Send to

Choose Destination
Am J Respir Crit Care Med. 2016 Feb 1;193(3):310-20. doi: 10.1164/rccm.201505-0998OC.

Blood Pressure Response to Losartan and Continuous Positive Airway Pressure in Hypertension and Obstructive Sleep Apnea.

Author information

1 Department of Molecular and Clinical Medicine/Cardiology, Sahlgrenska Academy, University of Gothenburg, Gothenburg, Sweden; and.
2 Department of Pulmonary Medicine, Faculty of Medicine, Marmara University, Istanbul, Turkey.



Obstructive sleep apnea (OSA) is common in people with hypertension, particularly resistant hypertension. Treatment with an antihypertensive agent alone is often insufficient to control hypertension in patients with OSA.


To determine whether continuous positive airway pressure (CPAP) added to treatment with an antihypertensive agent has an impact on blood pressure (BP) levels.


During the initial 6-week, two-center, open, prospective, case-control, parallel-design study (2:1; OSA/no-OSA), all patients began treatment with an angiotensin II receptor antagonist, losartan, 50 mg daily. In the second 6-week, sex-stratified, open, randomized, parallel-design study of the OSA group, all subjects continued to receive losartan and were randomly assigned to either nightly CPAP as add-on therapy or no CPAP.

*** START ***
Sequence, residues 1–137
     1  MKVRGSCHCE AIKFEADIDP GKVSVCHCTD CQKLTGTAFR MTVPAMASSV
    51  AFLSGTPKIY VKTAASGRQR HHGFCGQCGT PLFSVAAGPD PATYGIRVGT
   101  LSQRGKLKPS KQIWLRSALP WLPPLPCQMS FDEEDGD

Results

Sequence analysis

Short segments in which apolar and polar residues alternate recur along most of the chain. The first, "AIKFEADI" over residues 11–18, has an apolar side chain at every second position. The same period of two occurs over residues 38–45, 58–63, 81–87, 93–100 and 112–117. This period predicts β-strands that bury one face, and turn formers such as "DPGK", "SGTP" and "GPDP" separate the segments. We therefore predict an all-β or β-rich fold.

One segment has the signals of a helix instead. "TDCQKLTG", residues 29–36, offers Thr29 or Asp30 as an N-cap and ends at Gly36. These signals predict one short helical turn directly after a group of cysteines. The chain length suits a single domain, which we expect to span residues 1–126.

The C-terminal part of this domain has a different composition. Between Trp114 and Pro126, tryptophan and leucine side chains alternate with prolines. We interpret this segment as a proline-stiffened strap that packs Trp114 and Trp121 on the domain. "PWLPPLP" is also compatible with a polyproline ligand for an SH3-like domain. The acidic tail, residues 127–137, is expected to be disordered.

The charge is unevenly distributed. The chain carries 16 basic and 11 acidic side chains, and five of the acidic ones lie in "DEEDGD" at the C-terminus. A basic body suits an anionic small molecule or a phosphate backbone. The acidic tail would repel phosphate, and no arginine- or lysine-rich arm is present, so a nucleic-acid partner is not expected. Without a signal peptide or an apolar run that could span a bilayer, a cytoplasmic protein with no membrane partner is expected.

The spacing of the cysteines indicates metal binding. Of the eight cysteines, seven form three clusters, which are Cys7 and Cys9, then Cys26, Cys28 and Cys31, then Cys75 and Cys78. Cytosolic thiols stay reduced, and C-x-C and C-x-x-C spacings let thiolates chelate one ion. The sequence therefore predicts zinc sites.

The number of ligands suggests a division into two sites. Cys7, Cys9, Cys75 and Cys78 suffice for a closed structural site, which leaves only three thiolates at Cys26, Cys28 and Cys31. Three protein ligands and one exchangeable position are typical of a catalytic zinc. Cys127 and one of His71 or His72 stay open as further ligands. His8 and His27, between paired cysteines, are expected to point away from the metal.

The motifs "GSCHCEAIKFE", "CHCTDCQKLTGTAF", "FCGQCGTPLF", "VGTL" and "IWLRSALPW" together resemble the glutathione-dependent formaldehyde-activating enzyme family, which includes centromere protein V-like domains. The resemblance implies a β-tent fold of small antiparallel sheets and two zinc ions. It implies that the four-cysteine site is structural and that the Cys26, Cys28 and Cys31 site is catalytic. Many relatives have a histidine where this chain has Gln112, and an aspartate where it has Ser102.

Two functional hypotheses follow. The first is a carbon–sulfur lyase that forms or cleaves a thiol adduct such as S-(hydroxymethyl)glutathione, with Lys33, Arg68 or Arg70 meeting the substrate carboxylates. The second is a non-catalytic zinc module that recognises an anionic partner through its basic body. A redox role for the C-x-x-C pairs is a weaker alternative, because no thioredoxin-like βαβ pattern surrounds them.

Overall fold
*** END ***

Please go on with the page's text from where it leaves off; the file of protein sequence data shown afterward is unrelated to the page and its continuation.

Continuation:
Twenty-four-hour BP monitoring included assessment every 15 minutes during daytime hours and every 20 minutes during the night. Ninety-one patients with untreated hypertension underwent a home sleep study (55 were found to have OSA; 36 were not). Losartan significantly reduced systolic, diastolic, and mean arterial BP in both groups (without OSA: 12.6, 7.2, and 9.0 mm Hg; with OSA: 9.8, 5.7, and 6.1 mm Hg). Add-on CPAP treatment had no significant changes in 24-hour BP values but did reduce nighttime systolic BP by 4.7 mm Hg. All 24-hour BP values were reduced significantly in the 13 patients with OSA who used CPAP at least 4 hours per night.


Losartan reduced BP in OSA, but the reductions were less than in no-OSA. Add-on CPAP therapy resulted in no significant changes in 24-hour BP measures except in patients using CPAP efficiently. Clinical trial registered with (NCT00701428).​


continuous positive airway pressure; hypertension; losartan; obstructive sleep apnea; randomized controlled trial

[Indexed for MEDLINE]

Supplemental Content

Full text links

Icon for Atypon
Loading ...
Support Center